Iodine and Gasoline: A History of the 117th Sanitary Train

A Digital Edition

About the Text

This selection from Iodine and Gasoline tells the story of the 117th Sanitary Train's journey from their mustering ground in the United States to the Western Front of World War I. The book was collaboratively written by 18 men, representing all Medical Department ranks, assembled form the train's eight companies. Though preceded by casualty lists, the narrative itself takes the form of a third-person omniscient narrative, tracing the people, places, and organizations involved in the deployment of the 117th Sanitary Train and the rest of the 42nd "Rainbow" Divison.


Note: Publisher, publication date, and location are unknown.

Editorial Note

The original text of Iodine and Gasoline reads much like a history textbook. It follows the 117th Sanitary Train as it made its way from The United States to different war fronts across Europe during the second World War. In editing this text digitally, we thought it would add to the reading experience to not just be able to read from start to end, but allow readers a more interactive understanding: reading the history through the context of people, places, as well as organizations. So throughout the digital text, we created links that connect the people, places, and organizations mentioned, to other pages dedicated to the selected subjects. In the future, the linked pages would contain more information on the subjects as well as pictures and/or maps, but for the purpose of this project the linked pages are minimal due to time and resource restraints. Because WW II is such a widely studied event, there was also ample research available online that enhances the reading experience both visually and factually. For the purpose of this project, we explored linking certain subject matter in the text to research we were able to find on said subject online. In the future many more of these links would exist, providing readers with generous resources to explore and understand the full history of 42nd Division and 117th Sanitary Train. Apart from that, this digital edition includes spelling and grammar corrections with the opportunity to view the original statements. Across from the digital text, readers can view the pages of the document for themselves. As editors, we hope this ensures that the integrity of the document is kept in place but the content is enhanced by the digital material we were able to add.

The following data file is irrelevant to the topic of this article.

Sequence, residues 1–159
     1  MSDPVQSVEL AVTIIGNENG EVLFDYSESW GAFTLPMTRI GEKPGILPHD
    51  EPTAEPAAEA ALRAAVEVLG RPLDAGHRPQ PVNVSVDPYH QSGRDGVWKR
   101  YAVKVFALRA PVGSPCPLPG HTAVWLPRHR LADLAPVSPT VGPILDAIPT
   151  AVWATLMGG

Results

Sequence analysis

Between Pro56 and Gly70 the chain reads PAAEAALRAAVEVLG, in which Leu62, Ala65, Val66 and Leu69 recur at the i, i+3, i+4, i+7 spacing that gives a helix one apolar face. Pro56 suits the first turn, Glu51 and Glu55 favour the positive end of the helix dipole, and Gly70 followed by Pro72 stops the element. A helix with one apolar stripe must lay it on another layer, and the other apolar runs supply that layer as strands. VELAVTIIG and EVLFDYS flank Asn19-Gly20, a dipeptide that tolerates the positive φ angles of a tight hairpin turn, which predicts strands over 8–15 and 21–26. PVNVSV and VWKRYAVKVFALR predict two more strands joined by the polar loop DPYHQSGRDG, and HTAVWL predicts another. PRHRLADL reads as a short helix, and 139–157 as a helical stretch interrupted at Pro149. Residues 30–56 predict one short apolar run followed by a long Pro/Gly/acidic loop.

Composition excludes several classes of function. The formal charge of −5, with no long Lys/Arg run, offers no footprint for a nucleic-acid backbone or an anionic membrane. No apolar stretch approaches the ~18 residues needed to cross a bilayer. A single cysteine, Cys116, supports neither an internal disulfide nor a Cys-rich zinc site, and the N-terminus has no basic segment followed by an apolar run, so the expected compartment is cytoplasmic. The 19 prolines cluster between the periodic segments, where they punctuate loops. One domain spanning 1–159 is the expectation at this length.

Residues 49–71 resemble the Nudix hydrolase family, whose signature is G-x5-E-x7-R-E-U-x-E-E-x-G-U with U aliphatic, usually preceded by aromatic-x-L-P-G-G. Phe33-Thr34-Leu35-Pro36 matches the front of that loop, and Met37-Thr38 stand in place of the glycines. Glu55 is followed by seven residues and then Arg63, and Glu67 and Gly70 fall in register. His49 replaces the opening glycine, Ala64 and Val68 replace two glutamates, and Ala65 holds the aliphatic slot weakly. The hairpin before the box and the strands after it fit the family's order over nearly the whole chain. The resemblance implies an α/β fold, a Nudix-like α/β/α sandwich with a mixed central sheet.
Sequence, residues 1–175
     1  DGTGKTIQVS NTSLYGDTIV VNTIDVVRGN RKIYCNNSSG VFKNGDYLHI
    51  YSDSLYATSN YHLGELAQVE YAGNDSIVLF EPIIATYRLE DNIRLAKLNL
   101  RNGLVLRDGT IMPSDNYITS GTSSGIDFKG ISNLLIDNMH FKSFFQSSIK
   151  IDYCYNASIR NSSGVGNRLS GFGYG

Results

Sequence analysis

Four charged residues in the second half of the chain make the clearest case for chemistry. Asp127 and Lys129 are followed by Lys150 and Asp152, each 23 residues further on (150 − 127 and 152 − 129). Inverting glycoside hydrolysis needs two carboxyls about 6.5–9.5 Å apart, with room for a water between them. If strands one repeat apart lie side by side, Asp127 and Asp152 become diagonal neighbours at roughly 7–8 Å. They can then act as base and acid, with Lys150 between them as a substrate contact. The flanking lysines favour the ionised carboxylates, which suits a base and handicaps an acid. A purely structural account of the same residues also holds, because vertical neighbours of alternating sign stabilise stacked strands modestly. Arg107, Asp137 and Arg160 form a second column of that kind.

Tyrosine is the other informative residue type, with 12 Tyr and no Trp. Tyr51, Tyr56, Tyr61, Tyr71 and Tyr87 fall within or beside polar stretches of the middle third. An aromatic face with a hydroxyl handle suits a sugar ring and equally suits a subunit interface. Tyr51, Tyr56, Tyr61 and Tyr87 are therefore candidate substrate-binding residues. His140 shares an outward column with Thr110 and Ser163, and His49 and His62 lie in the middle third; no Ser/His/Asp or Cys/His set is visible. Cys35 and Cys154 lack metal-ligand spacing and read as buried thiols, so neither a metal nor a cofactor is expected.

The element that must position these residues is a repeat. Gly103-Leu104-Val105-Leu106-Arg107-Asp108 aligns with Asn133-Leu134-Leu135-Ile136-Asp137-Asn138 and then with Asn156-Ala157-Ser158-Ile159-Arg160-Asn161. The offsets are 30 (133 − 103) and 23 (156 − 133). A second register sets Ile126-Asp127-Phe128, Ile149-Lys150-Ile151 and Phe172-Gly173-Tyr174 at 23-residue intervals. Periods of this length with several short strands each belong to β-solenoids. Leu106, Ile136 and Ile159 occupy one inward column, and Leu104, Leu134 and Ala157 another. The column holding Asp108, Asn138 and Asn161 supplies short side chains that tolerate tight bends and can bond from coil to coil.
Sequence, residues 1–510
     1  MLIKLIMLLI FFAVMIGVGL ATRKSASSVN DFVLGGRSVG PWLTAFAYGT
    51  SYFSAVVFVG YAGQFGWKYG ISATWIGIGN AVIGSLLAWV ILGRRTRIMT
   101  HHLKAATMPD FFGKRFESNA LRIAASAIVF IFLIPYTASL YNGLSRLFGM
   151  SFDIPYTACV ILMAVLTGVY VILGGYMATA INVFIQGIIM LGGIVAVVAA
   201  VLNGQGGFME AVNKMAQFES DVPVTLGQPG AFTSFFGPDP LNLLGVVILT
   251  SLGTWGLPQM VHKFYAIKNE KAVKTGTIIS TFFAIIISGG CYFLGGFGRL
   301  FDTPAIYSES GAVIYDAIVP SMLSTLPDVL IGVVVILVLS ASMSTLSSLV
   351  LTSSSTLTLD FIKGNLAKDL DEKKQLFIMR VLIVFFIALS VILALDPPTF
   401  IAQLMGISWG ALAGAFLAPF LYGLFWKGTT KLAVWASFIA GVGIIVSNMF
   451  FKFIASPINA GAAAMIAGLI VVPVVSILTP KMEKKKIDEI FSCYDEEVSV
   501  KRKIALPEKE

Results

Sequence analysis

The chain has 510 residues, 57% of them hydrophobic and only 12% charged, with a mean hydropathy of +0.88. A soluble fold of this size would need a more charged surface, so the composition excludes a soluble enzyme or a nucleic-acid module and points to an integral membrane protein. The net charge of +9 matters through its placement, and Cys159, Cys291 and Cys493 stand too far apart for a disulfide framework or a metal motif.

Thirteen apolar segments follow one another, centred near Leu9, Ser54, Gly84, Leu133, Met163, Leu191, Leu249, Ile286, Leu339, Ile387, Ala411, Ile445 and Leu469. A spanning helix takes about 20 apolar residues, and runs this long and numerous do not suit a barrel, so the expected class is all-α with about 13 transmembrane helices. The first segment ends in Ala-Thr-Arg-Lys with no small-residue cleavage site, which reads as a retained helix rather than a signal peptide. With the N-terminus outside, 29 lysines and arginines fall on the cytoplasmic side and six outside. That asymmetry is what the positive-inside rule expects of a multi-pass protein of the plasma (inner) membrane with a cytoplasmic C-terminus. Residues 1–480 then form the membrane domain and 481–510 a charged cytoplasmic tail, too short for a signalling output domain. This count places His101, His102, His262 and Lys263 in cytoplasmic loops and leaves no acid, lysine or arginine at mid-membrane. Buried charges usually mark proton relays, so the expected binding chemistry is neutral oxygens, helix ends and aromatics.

—Erin Chambers, Taryn Collura, and Lucas Holloway, editors; ENGL 478: Digital Archives and Editions, Professor Amanda Gailey, University of Nebraska-Lincoln, Spring 2016.